It’s turning out to be a case of if it’s a golf tournament on a Friday in the UAE, it’s got to be Danny Willett’s day.
The 26-year-old, who raced into contention with a second-round nine-under par 63 exactly a fortnight ago in Abu Dhabi, repeated the feat at the Majlis course when a seven-under par 65 – the lowest round of the day along with Brooks Koepka – catapulted him to tied third at eight-under par 136.
After plunging from a depth of 13,000 feet at the beginning of the week, when he performed a skydive with his wife to raise money for a breast cancer charity, it was time to zoom up the leaderboard for Willet, who is just three shots behind leader Rory McIlroy at the halfway stage.
After a round that had just one bogey and included a stretch of six holes in his front nine in which he made five birdies, Willett said: “The skydive was obviously a different way to start the week.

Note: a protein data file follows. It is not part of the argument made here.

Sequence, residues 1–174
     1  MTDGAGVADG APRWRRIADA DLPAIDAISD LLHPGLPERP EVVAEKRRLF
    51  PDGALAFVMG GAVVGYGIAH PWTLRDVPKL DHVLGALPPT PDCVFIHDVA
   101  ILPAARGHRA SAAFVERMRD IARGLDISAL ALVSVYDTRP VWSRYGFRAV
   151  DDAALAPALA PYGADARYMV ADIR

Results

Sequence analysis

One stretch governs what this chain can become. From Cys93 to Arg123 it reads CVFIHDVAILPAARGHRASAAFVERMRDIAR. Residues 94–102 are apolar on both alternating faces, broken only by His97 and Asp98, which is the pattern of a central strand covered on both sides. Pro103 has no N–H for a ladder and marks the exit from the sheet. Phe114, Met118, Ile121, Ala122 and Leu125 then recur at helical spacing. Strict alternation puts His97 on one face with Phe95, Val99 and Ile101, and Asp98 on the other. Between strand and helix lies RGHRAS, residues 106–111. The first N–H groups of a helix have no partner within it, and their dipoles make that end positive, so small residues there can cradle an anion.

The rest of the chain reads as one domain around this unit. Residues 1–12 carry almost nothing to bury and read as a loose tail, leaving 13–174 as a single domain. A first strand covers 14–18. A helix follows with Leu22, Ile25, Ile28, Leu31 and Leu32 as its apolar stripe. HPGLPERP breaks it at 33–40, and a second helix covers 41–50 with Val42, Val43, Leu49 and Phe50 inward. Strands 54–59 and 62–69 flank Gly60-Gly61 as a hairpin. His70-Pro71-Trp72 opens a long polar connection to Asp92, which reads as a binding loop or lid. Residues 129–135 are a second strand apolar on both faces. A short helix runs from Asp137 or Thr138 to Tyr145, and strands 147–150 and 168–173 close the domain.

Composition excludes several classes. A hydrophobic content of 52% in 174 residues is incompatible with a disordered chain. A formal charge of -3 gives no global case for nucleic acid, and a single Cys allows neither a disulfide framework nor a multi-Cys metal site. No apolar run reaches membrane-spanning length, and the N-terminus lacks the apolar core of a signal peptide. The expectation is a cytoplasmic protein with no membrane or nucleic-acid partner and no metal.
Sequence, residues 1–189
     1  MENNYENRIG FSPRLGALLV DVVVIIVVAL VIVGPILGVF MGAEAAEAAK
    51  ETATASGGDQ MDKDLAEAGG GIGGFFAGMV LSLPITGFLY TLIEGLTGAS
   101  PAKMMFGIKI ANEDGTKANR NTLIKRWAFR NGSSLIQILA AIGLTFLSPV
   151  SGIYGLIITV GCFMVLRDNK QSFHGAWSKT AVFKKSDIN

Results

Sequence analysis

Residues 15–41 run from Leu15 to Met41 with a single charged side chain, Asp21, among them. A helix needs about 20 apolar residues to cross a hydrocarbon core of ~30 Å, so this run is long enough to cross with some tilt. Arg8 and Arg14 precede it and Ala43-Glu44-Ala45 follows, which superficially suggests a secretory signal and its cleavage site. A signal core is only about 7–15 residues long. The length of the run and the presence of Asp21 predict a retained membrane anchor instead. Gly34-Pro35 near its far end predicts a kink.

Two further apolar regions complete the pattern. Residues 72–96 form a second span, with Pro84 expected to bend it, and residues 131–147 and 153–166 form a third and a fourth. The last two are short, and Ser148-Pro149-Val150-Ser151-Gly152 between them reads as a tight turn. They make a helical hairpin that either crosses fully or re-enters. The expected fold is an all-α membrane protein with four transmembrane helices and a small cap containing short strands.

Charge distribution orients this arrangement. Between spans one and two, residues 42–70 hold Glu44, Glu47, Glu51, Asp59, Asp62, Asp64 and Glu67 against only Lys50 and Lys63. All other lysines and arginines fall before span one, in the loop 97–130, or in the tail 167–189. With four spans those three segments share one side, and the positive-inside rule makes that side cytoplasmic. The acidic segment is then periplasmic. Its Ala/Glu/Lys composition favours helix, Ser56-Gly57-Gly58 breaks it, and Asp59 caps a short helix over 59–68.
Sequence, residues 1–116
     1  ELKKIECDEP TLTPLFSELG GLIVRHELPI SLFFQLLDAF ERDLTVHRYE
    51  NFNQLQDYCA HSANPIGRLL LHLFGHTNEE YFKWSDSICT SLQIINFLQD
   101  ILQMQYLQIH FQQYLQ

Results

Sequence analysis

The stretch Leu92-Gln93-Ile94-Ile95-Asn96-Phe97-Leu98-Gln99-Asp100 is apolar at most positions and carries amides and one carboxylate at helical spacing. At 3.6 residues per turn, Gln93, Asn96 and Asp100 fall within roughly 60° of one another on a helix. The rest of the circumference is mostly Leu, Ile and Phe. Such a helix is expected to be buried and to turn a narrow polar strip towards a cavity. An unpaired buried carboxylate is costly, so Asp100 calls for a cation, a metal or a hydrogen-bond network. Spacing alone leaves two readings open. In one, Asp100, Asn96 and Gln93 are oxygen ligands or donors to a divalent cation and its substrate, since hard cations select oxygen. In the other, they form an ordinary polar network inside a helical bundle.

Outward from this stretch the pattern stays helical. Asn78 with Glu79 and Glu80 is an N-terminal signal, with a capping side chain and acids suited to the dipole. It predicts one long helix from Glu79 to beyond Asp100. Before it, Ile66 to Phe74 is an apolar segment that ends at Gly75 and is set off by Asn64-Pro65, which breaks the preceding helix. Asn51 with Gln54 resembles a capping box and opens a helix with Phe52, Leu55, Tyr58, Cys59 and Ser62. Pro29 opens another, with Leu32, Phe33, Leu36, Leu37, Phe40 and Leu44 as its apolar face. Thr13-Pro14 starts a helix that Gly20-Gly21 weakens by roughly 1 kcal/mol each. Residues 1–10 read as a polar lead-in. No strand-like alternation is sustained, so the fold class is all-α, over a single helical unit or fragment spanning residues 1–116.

“But in all fairness, if you stand on the first tee, trying to hit a drive into the fairway, it seemed a little bit less nerve‑wracking than jumping out of a plane at 13,000 feet. You never know, that might have prepared us quite well.
“As soon as you jump out, you are looking down and all you can see is obviously the sea and surrounding area and you’re thinking, what are we doing here?
“Then after the initial jump, you start to level out and it feels like you’re just floating down. It’s an unbelievable feeling.”
On his position on the leaderboard, Willett added: “At the moment, it’s pretty good. I am playing really nicely and the consistency is still there from the last few weeks. We played lovely, so we are up there again for the weekend.”